A genetically modified organism (GMO) is an organism whose genetic material has been altered using genetic engineering techniques. Organisms that have been genetically modified include micro-organisms such as bacteria and yeast, plants, fish, and mammals. GMOs are the source of genetically modified foods, and are also widely used in scientific research and to produce goods other than food. The term GMO is very close to the technical legal term, 'living modified organism' defined in the Cartagena Protocol on Biosafety, which regulates international trade in living GMOs (specifically, "any living organism that possesses a novel combination of genetic material obtained through the use of modern biotechnology").
Source: PhyscheTruth, Youtube, Wikipedia
Monday, November 19, 2012
One in four Canadian adults is considered obese, a dramatic increase over the past 25 years, Statistics Canada reports. According to results for the 2004 Canadian Community Health Survey, which measured most of the 35,000 respondents' height and weight, 23 per cent of all adults are obese, representing 5.5 million people.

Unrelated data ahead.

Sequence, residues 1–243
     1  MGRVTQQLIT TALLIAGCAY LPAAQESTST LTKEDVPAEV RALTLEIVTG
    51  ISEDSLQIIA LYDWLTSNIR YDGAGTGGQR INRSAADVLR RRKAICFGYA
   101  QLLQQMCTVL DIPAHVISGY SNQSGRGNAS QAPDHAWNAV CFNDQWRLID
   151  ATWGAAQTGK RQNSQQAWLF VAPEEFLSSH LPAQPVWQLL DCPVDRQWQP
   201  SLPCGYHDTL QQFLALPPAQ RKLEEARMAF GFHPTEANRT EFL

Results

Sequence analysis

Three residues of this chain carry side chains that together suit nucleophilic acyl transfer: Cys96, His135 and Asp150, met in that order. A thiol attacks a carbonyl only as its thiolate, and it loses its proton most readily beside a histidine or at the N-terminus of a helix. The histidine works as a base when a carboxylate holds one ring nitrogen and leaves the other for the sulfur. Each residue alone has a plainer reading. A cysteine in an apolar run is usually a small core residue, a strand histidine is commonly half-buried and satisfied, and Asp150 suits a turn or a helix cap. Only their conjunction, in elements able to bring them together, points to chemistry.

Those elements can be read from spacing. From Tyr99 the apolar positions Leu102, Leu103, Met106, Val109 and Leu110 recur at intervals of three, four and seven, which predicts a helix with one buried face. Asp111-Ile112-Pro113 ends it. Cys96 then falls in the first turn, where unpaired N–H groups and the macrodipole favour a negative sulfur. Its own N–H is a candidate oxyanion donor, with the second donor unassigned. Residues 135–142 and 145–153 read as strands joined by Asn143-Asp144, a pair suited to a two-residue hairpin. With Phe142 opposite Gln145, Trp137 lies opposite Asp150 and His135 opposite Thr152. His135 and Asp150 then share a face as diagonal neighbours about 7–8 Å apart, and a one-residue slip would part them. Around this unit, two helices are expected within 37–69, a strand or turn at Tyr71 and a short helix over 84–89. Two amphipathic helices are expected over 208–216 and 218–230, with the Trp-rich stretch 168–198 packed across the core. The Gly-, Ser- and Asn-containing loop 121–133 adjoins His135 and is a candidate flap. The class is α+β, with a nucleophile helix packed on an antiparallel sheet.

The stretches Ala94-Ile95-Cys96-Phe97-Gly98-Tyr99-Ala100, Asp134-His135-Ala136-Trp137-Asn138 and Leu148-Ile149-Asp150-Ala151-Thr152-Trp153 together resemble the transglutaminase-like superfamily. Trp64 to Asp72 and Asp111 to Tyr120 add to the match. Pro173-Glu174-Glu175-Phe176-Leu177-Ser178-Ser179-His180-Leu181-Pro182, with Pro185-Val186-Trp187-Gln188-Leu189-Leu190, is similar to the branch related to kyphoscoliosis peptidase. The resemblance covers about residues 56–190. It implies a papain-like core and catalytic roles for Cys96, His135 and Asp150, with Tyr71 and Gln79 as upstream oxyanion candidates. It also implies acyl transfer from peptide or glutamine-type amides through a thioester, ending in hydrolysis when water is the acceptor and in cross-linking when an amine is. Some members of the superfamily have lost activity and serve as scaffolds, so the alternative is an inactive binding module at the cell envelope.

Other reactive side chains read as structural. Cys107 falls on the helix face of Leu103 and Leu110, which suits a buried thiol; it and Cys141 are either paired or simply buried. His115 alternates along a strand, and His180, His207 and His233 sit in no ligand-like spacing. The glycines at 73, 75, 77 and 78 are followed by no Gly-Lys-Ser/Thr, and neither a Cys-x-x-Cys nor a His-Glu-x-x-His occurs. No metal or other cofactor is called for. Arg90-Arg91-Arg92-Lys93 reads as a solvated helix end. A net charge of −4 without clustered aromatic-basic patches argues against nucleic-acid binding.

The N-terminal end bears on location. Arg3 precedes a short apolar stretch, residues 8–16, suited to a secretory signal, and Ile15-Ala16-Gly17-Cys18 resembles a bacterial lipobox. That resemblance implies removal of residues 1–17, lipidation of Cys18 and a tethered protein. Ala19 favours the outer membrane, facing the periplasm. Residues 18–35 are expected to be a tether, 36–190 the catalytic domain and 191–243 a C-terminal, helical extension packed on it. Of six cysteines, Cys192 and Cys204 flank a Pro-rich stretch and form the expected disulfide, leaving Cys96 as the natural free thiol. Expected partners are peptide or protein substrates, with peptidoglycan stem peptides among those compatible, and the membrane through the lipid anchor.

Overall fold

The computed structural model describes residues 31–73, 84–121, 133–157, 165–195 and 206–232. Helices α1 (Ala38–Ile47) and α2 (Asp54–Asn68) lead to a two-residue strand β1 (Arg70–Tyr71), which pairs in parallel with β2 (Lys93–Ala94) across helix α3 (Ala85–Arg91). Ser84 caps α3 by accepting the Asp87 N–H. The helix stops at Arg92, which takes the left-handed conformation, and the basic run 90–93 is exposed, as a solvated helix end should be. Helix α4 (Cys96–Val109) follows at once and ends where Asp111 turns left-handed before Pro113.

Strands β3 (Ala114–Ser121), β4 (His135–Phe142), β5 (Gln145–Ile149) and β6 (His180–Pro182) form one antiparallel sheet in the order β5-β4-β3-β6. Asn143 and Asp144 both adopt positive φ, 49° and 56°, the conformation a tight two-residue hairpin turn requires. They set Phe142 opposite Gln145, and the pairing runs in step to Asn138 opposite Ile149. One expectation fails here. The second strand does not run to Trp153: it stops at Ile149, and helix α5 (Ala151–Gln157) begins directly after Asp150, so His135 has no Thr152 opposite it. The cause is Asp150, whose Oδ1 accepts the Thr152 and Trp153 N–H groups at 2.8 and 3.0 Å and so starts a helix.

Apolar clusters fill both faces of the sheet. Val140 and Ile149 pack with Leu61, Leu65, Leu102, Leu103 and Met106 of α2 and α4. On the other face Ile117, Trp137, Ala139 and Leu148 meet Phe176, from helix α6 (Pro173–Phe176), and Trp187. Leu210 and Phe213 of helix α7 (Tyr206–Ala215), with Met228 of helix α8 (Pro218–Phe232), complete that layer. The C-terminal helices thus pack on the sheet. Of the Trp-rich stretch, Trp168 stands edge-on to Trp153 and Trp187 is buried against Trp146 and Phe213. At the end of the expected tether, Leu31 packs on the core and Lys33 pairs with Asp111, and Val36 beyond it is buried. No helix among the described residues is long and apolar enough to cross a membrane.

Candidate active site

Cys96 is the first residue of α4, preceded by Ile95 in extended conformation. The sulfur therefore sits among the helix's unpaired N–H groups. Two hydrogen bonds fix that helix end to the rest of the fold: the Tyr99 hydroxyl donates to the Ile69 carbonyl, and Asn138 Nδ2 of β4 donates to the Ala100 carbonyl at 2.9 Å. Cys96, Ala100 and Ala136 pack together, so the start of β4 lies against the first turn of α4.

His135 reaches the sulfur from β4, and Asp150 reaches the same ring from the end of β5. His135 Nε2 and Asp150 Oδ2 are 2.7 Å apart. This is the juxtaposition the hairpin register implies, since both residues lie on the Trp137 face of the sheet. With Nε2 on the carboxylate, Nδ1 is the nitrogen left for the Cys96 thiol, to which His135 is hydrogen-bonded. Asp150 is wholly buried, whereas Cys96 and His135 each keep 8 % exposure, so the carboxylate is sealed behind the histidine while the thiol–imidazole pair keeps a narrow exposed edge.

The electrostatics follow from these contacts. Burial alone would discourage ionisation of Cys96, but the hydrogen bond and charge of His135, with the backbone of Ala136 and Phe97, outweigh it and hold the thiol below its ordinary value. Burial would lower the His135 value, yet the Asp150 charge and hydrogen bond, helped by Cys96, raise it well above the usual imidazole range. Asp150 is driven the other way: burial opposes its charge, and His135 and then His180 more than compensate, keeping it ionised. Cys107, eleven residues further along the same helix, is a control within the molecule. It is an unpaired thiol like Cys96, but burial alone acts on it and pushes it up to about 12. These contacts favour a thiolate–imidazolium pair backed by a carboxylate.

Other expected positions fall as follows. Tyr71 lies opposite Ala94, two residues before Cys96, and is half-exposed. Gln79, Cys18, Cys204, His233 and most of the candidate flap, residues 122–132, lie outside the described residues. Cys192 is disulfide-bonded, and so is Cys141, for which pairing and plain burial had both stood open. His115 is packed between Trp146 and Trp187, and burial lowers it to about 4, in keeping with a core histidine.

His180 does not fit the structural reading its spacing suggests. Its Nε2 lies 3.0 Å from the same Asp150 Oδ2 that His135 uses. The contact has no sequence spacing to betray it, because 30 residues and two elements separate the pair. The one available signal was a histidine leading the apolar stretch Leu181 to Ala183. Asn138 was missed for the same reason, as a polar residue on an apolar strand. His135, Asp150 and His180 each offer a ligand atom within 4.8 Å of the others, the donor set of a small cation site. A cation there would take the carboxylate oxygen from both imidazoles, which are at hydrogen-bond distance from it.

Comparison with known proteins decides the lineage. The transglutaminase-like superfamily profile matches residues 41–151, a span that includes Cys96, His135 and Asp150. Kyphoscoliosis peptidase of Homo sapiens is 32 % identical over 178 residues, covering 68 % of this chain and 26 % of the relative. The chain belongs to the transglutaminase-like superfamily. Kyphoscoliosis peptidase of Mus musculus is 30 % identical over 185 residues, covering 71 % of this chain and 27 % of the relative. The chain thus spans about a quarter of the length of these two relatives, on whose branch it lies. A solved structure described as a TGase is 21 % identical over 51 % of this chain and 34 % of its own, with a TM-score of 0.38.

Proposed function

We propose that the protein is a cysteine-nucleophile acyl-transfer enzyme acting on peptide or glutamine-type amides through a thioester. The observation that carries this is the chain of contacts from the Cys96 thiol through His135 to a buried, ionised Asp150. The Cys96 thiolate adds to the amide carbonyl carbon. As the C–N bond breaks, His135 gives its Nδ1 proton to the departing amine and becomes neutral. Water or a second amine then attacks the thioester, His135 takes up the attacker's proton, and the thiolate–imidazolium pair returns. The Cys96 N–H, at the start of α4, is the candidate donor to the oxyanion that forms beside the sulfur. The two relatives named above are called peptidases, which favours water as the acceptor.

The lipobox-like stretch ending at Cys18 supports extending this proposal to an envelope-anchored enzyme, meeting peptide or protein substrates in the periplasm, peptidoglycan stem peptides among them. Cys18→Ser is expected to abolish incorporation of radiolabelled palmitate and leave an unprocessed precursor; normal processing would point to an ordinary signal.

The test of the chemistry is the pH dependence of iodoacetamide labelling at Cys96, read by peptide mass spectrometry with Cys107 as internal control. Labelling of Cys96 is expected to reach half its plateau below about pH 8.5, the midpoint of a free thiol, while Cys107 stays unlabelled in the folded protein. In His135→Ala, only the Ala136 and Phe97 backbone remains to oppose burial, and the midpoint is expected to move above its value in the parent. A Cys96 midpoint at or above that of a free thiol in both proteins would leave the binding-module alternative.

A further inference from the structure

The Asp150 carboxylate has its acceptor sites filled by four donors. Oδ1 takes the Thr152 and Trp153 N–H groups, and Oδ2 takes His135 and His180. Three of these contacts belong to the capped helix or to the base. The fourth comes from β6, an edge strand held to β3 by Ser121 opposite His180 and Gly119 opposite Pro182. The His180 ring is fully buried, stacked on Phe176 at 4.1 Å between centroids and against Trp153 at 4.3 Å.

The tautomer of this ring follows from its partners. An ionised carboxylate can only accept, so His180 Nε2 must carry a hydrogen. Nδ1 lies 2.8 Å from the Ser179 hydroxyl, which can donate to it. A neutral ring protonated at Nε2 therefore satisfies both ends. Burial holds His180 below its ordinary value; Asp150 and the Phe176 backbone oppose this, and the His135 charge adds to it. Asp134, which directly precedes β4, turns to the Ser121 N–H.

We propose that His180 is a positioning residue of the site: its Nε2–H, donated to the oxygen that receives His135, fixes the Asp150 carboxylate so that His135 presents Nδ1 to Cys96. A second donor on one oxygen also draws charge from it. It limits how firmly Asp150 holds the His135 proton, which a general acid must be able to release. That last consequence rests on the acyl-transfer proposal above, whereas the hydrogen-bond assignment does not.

- INDEPTH: Body Mass Index
In 1978-79, the last time a survey of this type was taken, 14 per cent of adults were obese. Obesity rates were calculated using the body mass index (BMI) by dividing weight in kilograms by height in metres squared. A normal BMI rate is in the 18.5 to 24.9 range while someone who records a BMI over 30 is considered obese.
The study is considered Canada's most accurate measurement of waistlines.
Among adults, those aged 25 to 34 and 75 or older recorded the biggest increase, nearly doubling their obesity rates to 21 per cent and 24 per cent respectively.
Three per cent of children aged two to 17 were obese 25 years ago. That rate shot up to eight per cent in 2004. The biggest increases in obesity rates in young people occurred among those aged 12 to 17, where the rate tripled from three per cent to nine per cent.
Dr. Gregory Taylor
"Obese and overweight children tend to be obese and overweight adults and they'll be experiencing the risks of that for their entire lifetime," said Dr. Gregory Taylor of the Public Health Agency of Canada in Canada.